Sands' election victory raised hopes that a settlement could be negotiated, but Thatcher stood firm in refusing to give concessions to the hunger strikers. 

At 1.17 a.m. on Tuesday, May 5th, Bobby Sands MP died in the prison hospital on the after 66 days of hunger-striking, aged 27, prompting rioting in nationalist areas of Northern Ireland.

In the two weeks following Sands' death, three more hunger strikers died.  At the end of the hunger strike, on October 1980, 10 young men did die.

The hunger strike prompted Sinn Féin to move towards electoral politics. As a result of the political base built during the hunger strike, Sinn Féin continued to grow in the following two decades.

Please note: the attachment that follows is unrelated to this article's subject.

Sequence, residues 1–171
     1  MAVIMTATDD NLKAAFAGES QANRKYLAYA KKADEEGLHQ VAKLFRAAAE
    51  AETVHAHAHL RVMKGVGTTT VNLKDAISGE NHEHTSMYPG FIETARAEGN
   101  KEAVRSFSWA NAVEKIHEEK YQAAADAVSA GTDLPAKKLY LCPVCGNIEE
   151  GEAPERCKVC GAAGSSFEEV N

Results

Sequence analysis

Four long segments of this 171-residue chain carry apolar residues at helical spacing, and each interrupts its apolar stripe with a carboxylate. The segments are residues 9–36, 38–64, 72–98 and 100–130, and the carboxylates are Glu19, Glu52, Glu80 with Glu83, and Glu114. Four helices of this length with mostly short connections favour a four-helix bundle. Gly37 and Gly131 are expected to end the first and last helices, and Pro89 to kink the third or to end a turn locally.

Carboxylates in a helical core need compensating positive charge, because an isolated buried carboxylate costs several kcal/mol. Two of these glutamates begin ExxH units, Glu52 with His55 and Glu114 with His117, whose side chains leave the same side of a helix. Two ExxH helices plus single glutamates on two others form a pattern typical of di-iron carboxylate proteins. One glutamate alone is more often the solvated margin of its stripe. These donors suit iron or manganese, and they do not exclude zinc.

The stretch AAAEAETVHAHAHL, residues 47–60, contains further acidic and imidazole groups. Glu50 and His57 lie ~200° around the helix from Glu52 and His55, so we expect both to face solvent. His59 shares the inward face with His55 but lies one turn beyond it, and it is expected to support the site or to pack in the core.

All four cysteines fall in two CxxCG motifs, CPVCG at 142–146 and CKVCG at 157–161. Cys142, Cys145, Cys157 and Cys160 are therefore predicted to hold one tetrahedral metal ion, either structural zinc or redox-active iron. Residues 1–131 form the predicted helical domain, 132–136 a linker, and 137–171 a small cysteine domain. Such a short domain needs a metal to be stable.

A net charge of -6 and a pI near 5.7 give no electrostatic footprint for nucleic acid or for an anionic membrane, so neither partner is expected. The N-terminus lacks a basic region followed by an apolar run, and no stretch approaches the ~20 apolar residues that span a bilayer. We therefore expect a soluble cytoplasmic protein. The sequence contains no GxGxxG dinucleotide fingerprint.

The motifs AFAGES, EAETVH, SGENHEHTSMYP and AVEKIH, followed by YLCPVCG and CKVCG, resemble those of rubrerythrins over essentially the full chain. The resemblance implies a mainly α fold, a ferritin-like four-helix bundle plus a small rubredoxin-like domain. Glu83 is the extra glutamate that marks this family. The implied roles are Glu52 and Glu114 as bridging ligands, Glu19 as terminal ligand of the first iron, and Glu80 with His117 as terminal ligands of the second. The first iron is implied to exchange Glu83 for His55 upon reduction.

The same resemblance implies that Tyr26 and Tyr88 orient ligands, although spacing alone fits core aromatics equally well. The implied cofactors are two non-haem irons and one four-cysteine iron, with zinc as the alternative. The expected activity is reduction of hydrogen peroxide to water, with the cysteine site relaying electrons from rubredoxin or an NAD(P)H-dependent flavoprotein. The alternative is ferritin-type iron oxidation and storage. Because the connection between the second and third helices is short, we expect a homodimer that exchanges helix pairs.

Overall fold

QUOTES

"Our Revenge Will Be The Laughter of Our Children"

"Everyone, Republican or Otherwise has their own particular role to play. No part is too great or too small; no one is too old or too young to do something"

 
"They may hold our bodies in the most inhuman conditions, but, while our mids are free, our victory is assured!"

"They have nothing in their whole imperial arsenal that can break the spirit of one Irishman who doesn't want to be broken"

"Many suffer so that some day future generations may live in justice and peace".



Friday, 8 March 2013

Happy International Woman's Day!

Iggy Pop

Layne Staley (with girlfriend Demri)

Freddie Mercury, Peter Straker and Roger Taylor
 
 Duff McKagan (Guns N'Roses)

Keith Moon
 Alice Cooper

 Mick Jagger

 Kurt Cobain

 Robert Plant

 The Cure


 



 

U2



 

 

 
Queen